If you’ve been on a diet before, you probably have a whole bunch of diet rules around alcohol that are percolating your brain. And it’s hard to know- is this actually a healthy habit?
Let’s flip the script on how diet culture influences our drinking habits. Debunk myths about sugar, explore global drinking norms, and break free from the usual rules.
“Juice has too much sugar, I might as well have wine”
A lot of people don’t want to reduce their alcohol intake because the alternative is just having sugary mocktails, soft drink or juice. We’ve been taught to fear sugar. That it is the problem. It’s toxic. But the truth is… sugar is NOT a toxin.
Sugar serves as fuel in our body. And that’s how our body perceives it. Our body recognises carbohydrates as a source of energy. While excessive sugar intake can lead to negative effects, the body fundamentally digests sugar without an immediate need to eliminate it.
In contrast, alcohol is unmistakably perceived by the body as a toxin. Regardless of how much you drink. Even small amounts of alcohol trigger an urgent response from the body to eliminate it quickly. Because it is recognised as harmful. And let’s not forget, the effects of alcohol on our health are widely acknowledged.
The Canadians know what’s up
Recently, the Canadians updated their drinking guidelines. Limiting alcohol intake to two standard drinks per week. Yet Australia still advises seven to 10 standard drinks per week considered within the healthy alcohol limit.
We need to keep up with new research which challenges alcohol’s social acceptance. And as we become more aware of the potential harm caused by alcohol, it’s time to rethink its place in a healthy lifestyle.
It’s crucial to note that this isn’t an all-or-nothing persepective. The idea isn’t to advocate for never drinking again. But rather to question the discrepancy in how sugar and alcohol are perceived.
Society tells us to avoid sugar at all costs. Yet the conversation around reducing alcohol consumption remains muted. The reality, as indicated by updated guidelines, suggests a need for a more balanced approach.
“Soft drink isn’t worth the calories”
In terms of calories, the contrast between alcohol and sugar is significant. Alcohol, almost pure in its form, contains nearly twice the calories per gram compared to sugar. With seven calories per gram in alcohol and four calories per gram in carbohydrates. Sure, choosing lower-calorie options is an option. But the impact on the body extends beyond just calorie count. From gut health to metabolism, sleep, mood and hunger hormones. It’s no secret that alcohol can have a major impact on our health.
Alcohol makes it harder to lose weight- and maintain a healthy weight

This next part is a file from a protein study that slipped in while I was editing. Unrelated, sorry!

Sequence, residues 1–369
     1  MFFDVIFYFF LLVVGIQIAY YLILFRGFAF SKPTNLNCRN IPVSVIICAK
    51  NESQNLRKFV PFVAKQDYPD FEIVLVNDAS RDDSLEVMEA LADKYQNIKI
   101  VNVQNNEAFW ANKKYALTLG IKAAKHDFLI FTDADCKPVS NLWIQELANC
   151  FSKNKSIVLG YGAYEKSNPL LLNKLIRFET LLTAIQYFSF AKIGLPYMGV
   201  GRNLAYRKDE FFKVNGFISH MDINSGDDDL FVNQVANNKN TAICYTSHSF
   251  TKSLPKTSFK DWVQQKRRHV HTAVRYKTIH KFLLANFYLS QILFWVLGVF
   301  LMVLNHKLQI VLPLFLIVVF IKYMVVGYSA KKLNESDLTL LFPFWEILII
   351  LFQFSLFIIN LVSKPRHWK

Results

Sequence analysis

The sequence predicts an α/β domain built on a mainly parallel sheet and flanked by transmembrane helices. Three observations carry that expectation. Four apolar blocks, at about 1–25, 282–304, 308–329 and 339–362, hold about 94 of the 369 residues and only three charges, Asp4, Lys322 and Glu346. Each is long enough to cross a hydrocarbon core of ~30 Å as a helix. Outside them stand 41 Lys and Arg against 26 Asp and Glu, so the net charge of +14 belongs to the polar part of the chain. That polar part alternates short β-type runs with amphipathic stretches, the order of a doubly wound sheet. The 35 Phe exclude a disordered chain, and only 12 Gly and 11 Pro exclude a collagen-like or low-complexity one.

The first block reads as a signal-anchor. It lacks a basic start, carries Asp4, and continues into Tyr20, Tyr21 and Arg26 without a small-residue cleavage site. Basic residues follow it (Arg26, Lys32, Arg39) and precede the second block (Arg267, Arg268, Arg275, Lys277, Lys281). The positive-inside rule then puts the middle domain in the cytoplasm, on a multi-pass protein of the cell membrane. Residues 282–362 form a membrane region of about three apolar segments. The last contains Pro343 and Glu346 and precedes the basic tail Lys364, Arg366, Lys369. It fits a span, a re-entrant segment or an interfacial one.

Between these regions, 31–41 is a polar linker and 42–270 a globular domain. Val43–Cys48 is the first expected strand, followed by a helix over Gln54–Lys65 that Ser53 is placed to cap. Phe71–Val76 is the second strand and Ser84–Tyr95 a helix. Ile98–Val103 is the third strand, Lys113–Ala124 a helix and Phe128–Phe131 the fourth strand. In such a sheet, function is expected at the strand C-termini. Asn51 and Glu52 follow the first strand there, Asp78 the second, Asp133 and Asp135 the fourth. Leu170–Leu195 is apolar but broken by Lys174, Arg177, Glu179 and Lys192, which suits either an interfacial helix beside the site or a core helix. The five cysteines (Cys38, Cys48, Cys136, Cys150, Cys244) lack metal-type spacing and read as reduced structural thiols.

Ever found yourself ravenously hungry after a night out on booze? That’s because alcohol lowers impulse control, making us more prone to cravings. It also increases ghrelin levels (the hunger hormone) while slowing metabolism.
Our body prioritises digestion of alcohol, which it considers a toxin, before anything else. So storage of fat is far more increased, especially the fat around the abdominal area.
If none of your friends drank alcohol- would you drink?
So often we drink alcohol because everyone else does. Instead of asking ourselves- “What would I do if no one else was influencing me?”
The research is so clear about the fact that alcohol impact sour mood. The fear, judgment, shame, regret and the spiral we can go into the day after drinking. Worst part? These ill effects on mental health are long lasting. A month after you’ve drunk alcohol, you’re still experiencing the impact on your mental health, including anxiety.
We drink to combat poor self-esteem and stay stuck in the cycle of self-loathing. But what if you’re not the problem? What if alcohol is contributing to you not liking yourself? Which brings me onto the next topic…
The 90-Day Limit
If you get to 90 days without drinking alcohol, there are some amazing brain changes that happen. You start to notice improvements in your mood, self-control, sleep and skin. I have a whole blog post on what happens to your body when you stop drinking alcohol which you can find here.
And perhaps for the first time in your adult life you get to 90 days, you might have a light-bulb moment of “Oh, wow. So this is what it’s like not drinking alcohol”.
Now if you’re left wondering..
- “But how am I still going to be fun or socialize?”
- “How can I drink less and then not binge drink when I start drinking alcohol again?”
- “How would I explain to people that I’m not drinking alcohol?”
- “How do I go on a break from booze without feeling deprived?”
Well my friend, this is why the legendary Maz Compton and I created the Booze Break audioguide. It’s kind of like a podcast, but better. Consisting of 15 bite-sized episodes and bonuses to help you learn how to relax and unwind without a glass of wine.
It’s just a booze break, not a life sentence. Click here to listen to the first free episode.